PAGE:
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Merging Black Holes And Stellar Winds Slow Down Star Formation In Butterfly Galaxy

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The galaxy NGC 6240 has a unique feature: a massive cloud of gas shaped like a butterfly. Unlike the relatively tidy disk of the Milky Way, jets and bubbles of gas shoot off from NGC 6240 giving the galaxy the appearance of a butterfly in flight.

Galaxy With Two Supermassive Black Holes At The Center

Most known galaxies tend to have only one supermassive black hole at the center but the galaxy NGC 6240 is different in a way that it contains two. Scientists think these galaxies form from the merger of twin galaxies.

The two black holes also circle each other in a final stage of a merger. The merger process has triggered dramatic star formation and numerous supernova explosions. Scientists believe that the merger will be completed within tens to hundreds of millions of years.

Francisco Müller-Sánchez, from the University of Colorado Boulder, and colleagues took a closer look at NGC 6240 and discovered what causes the star formation in the galaxy to slow down.

Slowing Down Star Formation In NGC 6240

In their new study, which was published in the journal Nature on April 18, Müller-Sánchez and colleagues suggested that gases produced by the two spiraling black holes, along with the gases expelled by the stars in the galaxy, may have started to slow down NGC 6240's ability to produce new stars.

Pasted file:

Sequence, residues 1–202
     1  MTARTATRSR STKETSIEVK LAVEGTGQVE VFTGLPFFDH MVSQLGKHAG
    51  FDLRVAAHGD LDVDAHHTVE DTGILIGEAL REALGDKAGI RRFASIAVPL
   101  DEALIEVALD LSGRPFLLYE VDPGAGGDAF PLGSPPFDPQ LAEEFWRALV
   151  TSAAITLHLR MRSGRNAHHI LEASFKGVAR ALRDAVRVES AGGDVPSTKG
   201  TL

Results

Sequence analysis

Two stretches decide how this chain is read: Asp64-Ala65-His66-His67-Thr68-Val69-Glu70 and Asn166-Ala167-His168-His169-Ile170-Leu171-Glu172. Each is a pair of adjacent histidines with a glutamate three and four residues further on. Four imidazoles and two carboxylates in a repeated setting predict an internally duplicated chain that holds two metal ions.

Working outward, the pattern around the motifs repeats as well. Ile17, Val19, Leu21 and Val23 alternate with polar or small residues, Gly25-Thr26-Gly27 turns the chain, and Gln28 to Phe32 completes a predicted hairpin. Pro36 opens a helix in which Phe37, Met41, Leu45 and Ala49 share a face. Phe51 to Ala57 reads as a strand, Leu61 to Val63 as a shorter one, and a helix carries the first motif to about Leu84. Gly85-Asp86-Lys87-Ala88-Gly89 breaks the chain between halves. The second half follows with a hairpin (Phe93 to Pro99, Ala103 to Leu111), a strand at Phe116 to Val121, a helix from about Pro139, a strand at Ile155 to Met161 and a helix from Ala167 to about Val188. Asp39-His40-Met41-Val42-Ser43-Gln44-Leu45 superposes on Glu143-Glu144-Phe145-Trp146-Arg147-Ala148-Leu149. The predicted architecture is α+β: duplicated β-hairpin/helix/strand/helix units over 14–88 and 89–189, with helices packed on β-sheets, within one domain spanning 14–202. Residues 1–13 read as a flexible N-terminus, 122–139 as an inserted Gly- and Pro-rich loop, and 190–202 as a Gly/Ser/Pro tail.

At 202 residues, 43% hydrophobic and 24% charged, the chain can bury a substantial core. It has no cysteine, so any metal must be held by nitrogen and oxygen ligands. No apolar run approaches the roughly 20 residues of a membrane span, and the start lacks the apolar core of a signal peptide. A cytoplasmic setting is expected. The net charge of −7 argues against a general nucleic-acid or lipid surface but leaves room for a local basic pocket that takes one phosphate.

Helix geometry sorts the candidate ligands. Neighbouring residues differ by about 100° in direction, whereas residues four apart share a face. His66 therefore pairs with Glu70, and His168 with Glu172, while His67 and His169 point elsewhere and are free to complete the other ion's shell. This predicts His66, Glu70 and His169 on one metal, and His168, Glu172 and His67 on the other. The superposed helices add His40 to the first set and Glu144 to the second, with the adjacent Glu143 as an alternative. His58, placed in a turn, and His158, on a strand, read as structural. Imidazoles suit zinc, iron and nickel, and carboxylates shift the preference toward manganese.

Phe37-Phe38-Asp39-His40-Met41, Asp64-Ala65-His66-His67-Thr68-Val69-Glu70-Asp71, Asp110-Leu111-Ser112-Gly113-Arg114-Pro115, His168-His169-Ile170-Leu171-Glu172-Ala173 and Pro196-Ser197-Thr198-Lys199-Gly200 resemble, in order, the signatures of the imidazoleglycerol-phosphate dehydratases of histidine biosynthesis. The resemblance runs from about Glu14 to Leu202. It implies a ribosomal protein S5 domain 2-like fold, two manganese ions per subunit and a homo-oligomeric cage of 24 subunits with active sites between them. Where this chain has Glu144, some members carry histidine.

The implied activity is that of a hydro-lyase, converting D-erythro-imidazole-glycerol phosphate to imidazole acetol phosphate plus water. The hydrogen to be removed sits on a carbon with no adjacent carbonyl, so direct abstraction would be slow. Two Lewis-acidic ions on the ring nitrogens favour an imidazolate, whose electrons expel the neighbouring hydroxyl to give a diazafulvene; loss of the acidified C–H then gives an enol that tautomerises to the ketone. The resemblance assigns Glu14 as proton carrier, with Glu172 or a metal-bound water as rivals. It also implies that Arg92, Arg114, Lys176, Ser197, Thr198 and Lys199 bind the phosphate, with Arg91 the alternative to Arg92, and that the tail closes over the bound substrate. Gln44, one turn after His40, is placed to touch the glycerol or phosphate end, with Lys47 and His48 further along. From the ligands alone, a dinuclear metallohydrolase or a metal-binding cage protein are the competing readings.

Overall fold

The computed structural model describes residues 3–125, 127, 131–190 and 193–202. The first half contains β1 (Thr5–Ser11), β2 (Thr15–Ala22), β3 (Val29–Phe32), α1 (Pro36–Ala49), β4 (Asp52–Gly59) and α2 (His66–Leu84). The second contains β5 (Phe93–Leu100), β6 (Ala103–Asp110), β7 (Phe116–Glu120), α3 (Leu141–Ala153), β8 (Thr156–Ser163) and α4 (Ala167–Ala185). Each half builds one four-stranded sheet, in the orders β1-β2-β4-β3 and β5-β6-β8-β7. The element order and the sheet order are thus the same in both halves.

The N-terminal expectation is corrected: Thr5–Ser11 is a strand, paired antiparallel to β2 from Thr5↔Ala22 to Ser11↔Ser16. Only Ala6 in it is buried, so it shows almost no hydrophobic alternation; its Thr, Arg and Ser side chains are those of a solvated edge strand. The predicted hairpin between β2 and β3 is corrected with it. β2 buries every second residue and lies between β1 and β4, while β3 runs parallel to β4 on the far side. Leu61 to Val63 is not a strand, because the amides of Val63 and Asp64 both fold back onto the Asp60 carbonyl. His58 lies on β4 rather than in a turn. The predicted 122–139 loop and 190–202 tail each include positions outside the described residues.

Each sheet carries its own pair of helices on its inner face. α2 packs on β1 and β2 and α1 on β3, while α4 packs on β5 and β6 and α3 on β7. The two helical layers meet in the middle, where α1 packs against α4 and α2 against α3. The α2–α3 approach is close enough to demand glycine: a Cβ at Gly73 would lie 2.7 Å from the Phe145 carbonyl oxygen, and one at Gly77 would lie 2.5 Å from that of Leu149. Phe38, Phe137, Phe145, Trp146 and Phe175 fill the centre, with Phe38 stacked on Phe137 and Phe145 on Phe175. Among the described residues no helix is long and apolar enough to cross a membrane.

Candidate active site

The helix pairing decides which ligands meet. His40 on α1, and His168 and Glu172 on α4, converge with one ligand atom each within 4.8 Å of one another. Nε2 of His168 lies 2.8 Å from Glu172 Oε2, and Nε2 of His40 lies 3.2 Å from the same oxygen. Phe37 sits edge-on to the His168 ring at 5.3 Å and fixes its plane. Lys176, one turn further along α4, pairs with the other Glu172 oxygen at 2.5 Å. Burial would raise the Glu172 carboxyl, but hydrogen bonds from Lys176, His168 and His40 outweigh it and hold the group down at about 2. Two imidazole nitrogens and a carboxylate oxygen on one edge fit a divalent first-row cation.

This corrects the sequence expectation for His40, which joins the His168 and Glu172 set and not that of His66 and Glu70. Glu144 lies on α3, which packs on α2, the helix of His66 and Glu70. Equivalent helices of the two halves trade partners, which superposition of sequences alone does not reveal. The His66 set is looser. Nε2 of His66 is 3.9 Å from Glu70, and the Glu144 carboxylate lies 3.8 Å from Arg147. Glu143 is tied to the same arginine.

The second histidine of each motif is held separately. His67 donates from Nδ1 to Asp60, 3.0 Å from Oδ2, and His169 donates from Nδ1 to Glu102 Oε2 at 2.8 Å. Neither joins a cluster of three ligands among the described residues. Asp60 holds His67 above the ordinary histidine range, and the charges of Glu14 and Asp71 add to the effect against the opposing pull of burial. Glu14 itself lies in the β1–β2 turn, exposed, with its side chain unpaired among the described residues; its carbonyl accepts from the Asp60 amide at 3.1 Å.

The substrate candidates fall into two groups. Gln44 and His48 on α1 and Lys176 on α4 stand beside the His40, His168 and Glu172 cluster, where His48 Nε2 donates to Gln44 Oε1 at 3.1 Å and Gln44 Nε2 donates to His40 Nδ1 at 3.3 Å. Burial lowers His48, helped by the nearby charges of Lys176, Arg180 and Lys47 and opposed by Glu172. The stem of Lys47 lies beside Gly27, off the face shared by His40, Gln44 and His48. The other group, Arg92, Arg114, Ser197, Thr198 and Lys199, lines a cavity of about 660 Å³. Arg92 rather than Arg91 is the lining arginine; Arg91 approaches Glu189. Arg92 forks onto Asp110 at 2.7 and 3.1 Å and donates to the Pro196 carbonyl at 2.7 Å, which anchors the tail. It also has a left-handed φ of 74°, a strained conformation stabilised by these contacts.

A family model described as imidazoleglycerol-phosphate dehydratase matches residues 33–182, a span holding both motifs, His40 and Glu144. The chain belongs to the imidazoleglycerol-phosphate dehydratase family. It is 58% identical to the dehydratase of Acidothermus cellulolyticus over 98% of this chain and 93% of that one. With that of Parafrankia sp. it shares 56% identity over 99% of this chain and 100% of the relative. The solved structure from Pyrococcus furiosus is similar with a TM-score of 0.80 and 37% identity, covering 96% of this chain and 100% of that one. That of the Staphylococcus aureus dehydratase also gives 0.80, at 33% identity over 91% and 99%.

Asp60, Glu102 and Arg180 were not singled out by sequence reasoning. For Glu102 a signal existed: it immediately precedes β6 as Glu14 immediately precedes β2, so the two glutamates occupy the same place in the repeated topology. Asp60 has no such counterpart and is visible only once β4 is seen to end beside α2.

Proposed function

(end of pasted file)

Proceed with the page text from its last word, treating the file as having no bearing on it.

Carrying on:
The researchers found that two different forces formed the nebula. The northwest corner of the butterfly is the products or stellar winds, the gases that stars emit. The northeast corner is dominated by a single cone of gas ejected by the two black holes as they gobble up massive amounts of galactic gas and dust during their merge.

"Here we report observations of dual outflows in the central region of the prototypical merger NGC 6240. We find a black-hole-driven outflow of [O III] to the northeast and a starburst-driven outflow of Hα to the northwest," the researchers wrote in their study.

Together, the two winds eject massive amounts of gases from the galaxy equivalent to about a hundred times the mass of the sun each year, which has implications for the galaxy. Clearing away gases needed for the formation of new stars slows down new star formation.

"It is forming stars intensely now, so it needs the extra strong kick of two winds to slow down that star formation and evolve into a less active galaxy," said study researcher Julie Comerford, from CU Boulder.

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